Jeffrey R. Olmstead, the President, CFO and Director of Mid-Con Energy Partners, LP (MCEP), Interviews with The Wall Street Transcript

Wall Street Transcript

67 WALL STREET, New York - March 31, 2014 - The Wall Street Transcript has just published its Oil & Gas: Master Limited Partnerships Report offering a timely review of the sector to serious investors and industry executives. This special feature contains expert industry commentary through in-depth interviews with public company CEOs and Equity Analysts. The full issue is available by calling (212) 952-7433 or via The Wall Street Transcript Online.

Topics covered: Increasing Demand for Midstream Assets - U.S. Energy Infrastructure Build Out - Emerging Shale Plays - Outlook for Natural Gas Liquids - Oil and Gas Investing - Shale Production Growth

Companies include: Mid-Con Energy Partners, LP (MCEP) and many more.

In the following excerpt from the Oil & Gas: Master Limited Partnerships Report, the President, CFO and Director of Mid-Con Energy Partners, LP (MCEP) discusses company strategy and the outlook for this vital industry:

TWST: Let's start with a snapshot of Mid-Con Energy Partners, and its current operations and assets.

Mr. Olmstead: In terms of Mid-Con's assets, most of our assets are in Oklahoma at this point in time - over 90% for that matter. We have three core areas: southern Oklahoma, northeastern Oklahoma, and then what we call the Hugoton area, and that has assets in the Oklahoma Panhandle, in southeast Colorado and in the Texas Panhandle. Really, the Texas Panhandle and the southeast Colorado assets only make up about a couple of hundred barrels a day, so less than 10%; the rest of it is all in the state of Oklahoma. We recently closed a transaction, so this is a little different from our year end, but as of March 1, we have roughly 15.5 million barrels of oil equivalent proved reserves. Those are 99% oil. Over 90% - maybe it's at 99% - of the assets are under waterflood, which is a secondary form of oil recovery. For those people who are technical in nature or close to the oil business, they'll know what that means; for those who are on the periphery, that may need some explanation at times.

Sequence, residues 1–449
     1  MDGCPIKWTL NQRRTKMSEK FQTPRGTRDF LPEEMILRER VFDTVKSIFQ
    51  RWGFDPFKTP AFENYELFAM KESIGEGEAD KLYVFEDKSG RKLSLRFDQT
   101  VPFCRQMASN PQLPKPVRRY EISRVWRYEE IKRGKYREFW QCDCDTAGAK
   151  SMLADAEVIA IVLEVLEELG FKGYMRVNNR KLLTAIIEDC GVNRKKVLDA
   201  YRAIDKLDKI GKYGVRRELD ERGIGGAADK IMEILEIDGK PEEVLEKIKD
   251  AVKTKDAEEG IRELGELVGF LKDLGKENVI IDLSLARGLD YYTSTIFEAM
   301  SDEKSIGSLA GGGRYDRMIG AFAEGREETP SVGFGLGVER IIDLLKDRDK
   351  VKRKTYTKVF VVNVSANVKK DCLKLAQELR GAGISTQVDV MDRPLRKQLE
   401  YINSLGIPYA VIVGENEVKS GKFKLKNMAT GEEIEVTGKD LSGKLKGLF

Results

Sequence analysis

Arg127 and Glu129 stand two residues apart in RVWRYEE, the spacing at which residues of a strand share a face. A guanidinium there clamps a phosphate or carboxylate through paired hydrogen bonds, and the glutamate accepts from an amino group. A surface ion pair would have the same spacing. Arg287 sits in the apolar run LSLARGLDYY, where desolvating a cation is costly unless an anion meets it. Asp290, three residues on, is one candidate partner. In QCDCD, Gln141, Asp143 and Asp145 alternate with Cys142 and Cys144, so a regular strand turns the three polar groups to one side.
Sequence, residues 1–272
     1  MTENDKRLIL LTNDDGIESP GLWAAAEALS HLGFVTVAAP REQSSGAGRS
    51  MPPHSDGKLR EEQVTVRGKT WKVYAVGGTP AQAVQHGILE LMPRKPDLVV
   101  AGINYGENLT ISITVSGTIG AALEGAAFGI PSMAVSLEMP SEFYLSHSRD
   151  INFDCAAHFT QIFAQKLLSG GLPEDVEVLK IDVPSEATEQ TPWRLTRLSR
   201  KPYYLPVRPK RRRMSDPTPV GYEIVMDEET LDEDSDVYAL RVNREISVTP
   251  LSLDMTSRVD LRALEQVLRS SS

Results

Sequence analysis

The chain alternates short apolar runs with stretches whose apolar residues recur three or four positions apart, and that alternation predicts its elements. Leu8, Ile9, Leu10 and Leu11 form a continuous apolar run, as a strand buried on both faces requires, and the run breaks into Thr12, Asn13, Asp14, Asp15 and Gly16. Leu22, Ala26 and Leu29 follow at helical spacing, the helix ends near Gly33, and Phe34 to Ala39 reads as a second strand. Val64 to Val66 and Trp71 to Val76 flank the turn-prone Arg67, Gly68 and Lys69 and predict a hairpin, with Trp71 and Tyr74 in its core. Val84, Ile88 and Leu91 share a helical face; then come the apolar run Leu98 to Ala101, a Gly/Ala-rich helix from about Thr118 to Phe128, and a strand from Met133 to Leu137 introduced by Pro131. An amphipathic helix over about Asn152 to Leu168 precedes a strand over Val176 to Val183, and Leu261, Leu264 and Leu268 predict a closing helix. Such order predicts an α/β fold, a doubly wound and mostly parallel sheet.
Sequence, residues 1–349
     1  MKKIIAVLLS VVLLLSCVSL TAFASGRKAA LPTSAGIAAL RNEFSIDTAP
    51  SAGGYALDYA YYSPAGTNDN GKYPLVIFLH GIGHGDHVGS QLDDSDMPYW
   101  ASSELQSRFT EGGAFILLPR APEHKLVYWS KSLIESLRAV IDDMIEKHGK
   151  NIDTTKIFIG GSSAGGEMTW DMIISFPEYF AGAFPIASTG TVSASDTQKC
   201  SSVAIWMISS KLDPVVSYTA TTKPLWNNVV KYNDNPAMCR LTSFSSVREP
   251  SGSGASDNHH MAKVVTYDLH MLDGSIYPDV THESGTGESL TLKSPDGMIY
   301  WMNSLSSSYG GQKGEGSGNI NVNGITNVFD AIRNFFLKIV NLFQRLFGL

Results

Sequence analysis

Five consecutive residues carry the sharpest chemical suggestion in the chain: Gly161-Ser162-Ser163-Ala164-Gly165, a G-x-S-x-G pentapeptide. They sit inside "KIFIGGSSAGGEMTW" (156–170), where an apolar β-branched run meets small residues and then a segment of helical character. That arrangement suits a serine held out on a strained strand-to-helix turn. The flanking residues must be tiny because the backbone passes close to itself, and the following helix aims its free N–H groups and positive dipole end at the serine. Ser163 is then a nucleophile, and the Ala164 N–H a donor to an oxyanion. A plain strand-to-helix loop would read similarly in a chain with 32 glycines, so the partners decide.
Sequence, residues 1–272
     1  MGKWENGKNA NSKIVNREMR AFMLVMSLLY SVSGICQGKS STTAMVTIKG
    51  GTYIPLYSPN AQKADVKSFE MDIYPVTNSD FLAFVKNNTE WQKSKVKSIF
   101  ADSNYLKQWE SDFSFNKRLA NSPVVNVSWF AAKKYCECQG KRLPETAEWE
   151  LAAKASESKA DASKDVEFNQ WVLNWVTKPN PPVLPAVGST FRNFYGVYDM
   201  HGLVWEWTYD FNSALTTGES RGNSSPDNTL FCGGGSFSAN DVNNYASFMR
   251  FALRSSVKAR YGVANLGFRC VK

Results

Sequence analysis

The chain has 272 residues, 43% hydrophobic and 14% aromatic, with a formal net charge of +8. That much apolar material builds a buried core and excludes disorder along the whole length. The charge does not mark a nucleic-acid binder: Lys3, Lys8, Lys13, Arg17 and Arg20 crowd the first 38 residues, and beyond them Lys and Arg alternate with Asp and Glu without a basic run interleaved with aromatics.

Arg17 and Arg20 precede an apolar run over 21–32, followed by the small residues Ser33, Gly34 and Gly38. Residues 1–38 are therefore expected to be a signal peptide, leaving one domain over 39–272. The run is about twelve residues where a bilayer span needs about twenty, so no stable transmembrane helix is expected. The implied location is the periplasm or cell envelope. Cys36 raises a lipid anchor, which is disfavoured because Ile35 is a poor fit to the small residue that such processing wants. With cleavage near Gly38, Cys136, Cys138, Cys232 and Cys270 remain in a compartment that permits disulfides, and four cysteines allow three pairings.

We are an MLP. We are one of just 11 or 12 upstream MLPs, which is a little different structure than our C-Corp peers. It has its advantages and disadvantages. I think mostly from an advantage as an investor, it's somewhat of a yield-based product. Our yield is just under 9% right now. On the flip side, you don't have the aggressive cash flow investments that you have in the C-Corps, that doubles and triples production every year. So it's a little different type of structure, and different types of assets fit in there.

One of the reasons we chose the MLP structure is we felt waterfloods, with their relatively low decline and low investment need after they mature, fit very well in the MLP structure. We do operate 99% of our assets. From a balance sheet standpoint, we're relatively low-levered. We think we're highly levered at 1.9 times cash flow - if you look at our peer group, that's less than 50% on a debt-to-cash-flow basis. That's more from a management strategy and management philosophy in terms of not using a lot of debt.

TWST: Tell us more about waterflooding. What does that mean, what technologies are involved, and why is that the company's focus?

For more of this interview and many others visit the Wall Street Transcript - a unique service for investors and industry researchers - providing fresh commentary and insight through verbatim interviews with CEOs, portfolio managers and research analysts. This special issue is available by calling (212) 952-7433 or via The Wall Street Transcript Online.

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